In the case of me and Julie specifically, Trivial Pursuit is always a good choice on several levels. First and foremost is the fact it's not Scrabble. I'm not doing down Scrabble in the slightest, but it does have to be said that it's not exactly fully interactive; one person has a think, plays a word and a score is jotted down before the next player takes their turn. Only one person is involved at any one point in the game. Sure, it stretches our vocabularies nicely, but for getting everyone involved and interested, there's nothing like a good old question-and-answers session for stimulating discussion - all the more so when you have questions that sound vaguely risqué. Here's an example;
"What sport are you playing if your balls are black and blue?"The answer, of course(!), is Croquet. (OK, gents, you can uncross your legs now.)
Naturally, when alcohol is introduced, the daft questions magically become utterly hilarious, as do the answers given. Especially when people get so caught up in the game they forget just whose turn it is. Don't they, Julie?
That was a good night; I only managed to get the one Gem out of the two games. Partly because I couldn't keep up with the free-associating banter between my wife and my father. Mind you, the three large glasses of red wine may have had something to do with it to. Oh gods... never again (please bear in mind my alcohol intake is generally limited to a pint a month. If that).
Well, I say 'never again', but it was totally worth it. Especially since Dad won the second game - it made up for him not winning a single game of Scrabble in the days he stayed with us. He's no slouch when it comes to words, not by any stretch of the imagination. However, when the opposition is my mother, he's fairly used to 'winning silver' as he puts it. It's now a family in-joke that he begins each game with "Bagsy coming last!"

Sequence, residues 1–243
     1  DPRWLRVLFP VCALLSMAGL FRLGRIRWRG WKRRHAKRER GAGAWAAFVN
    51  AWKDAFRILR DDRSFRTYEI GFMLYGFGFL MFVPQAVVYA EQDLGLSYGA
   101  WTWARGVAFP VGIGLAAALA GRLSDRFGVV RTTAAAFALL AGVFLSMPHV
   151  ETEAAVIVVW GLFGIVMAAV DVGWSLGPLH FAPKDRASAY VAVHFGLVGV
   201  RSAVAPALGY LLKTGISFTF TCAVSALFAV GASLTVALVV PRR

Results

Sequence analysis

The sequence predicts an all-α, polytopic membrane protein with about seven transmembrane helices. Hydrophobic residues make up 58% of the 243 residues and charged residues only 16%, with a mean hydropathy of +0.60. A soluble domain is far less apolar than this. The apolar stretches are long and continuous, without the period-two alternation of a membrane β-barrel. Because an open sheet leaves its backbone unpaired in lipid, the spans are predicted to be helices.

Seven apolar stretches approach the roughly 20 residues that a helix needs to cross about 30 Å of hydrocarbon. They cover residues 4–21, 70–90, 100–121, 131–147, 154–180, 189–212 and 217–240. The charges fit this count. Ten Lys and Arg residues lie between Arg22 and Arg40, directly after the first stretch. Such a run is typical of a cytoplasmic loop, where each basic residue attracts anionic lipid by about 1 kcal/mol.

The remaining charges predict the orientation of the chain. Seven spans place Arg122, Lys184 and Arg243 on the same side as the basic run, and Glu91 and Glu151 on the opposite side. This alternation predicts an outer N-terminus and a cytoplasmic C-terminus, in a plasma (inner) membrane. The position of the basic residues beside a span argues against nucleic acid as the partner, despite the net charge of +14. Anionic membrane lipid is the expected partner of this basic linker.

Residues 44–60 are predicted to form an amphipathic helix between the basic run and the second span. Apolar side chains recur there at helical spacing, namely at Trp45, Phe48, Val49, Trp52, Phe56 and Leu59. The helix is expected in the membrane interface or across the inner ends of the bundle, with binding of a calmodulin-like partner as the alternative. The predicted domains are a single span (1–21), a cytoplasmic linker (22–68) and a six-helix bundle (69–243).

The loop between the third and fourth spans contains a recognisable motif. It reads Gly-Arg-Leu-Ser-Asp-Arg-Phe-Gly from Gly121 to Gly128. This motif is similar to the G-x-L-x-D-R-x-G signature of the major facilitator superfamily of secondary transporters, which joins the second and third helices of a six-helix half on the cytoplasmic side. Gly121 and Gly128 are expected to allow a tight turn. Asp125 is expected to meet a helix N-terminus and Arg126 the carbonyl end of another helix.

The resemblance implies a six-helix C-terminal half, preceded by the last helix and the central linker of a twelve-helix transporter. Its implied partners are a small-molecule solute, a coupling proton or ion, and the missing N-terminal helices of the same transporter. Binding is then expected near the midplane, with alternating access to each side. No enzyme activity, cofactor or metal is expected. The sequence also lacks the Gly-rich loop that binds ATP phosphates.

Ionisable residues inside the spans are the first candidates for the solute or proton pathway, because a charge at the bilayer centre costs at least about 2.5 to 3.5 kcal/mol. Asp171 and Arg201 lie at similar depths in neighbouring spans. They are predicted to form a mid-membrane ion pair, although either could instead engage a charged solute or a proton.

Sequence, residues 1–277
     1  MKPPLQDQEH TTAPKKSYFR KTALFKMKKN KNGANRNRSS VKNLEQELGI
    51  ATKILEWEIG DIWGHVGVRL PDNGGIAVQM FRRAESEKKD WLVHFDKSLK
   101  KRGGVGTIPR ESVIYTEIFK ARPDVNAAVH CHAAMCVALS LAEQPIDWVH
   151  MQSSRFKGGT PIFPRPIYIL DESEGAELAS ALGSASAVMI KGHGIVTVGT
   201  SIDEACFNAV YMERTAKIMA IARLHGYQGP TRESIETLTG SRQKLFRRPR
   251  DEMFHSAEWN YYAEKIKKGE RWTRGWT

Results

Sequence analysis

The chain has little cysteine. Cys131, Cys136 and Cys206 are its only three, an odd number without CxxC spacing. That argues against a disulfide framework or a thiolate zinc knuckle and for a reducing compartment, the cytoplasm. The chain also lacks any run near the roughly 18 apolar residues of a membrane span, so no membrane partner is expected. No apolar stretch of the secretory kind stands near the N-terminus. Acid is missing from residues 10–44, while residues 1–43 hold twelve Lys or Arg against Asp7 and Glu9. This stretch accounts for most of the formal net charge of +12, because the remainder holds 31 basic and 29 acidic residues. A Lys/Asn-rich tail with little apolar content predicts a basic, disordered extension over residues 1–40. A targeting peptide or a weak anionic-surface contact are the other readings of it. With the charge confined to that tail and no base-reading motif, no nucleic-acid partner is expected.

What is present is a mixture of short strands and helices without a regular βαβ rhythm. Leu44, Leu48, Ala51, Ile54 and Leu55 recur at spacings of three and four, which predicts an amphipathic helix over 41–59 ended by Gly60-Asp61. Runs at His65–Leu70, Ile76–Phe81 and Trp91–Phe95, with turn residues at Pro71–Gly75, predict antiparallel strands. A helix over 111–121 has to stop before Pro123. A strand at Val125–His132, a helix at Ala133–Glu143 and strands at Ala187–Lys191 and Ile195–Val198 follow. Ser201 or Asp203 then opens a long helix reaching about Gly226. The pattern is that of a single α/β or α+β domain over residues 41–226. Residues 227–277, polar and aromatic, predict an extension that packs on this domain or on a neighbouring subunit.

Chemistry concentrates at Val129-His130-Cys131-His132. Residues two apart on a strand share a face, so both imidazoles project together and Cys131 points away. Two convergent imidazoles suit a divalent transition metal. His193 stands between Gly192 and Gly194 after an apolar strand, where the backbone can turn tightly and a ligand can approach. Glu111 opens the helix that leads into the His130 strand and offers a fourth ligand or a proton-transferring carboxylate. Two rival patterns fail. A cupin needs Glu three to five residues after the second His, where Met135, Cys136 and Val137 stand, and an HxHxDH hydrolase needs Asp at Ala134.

Mind you, it doesn't help that he has a rather desperate approach to making words up. At least the rest of us tend to apply a certain logic when we consider alternatives. Another regular feature of family games is Dad playing a word which is met with the chorus of, "What? What the hell's that?" Another problem is that a certain leaning toward jazz-inspired music and comedy may be all well and good when it comes to listening to Stan Getz or The Goons, or meeting Julie on her own ground, but it's not hugely useful when it comes to using the alphabet. That said, it is useful when it comes to describing his inability to make a word out of the (admittedly awful set of) letters on his rack.
See? Witty, knowing and superbly pithy. Shame he came last again though...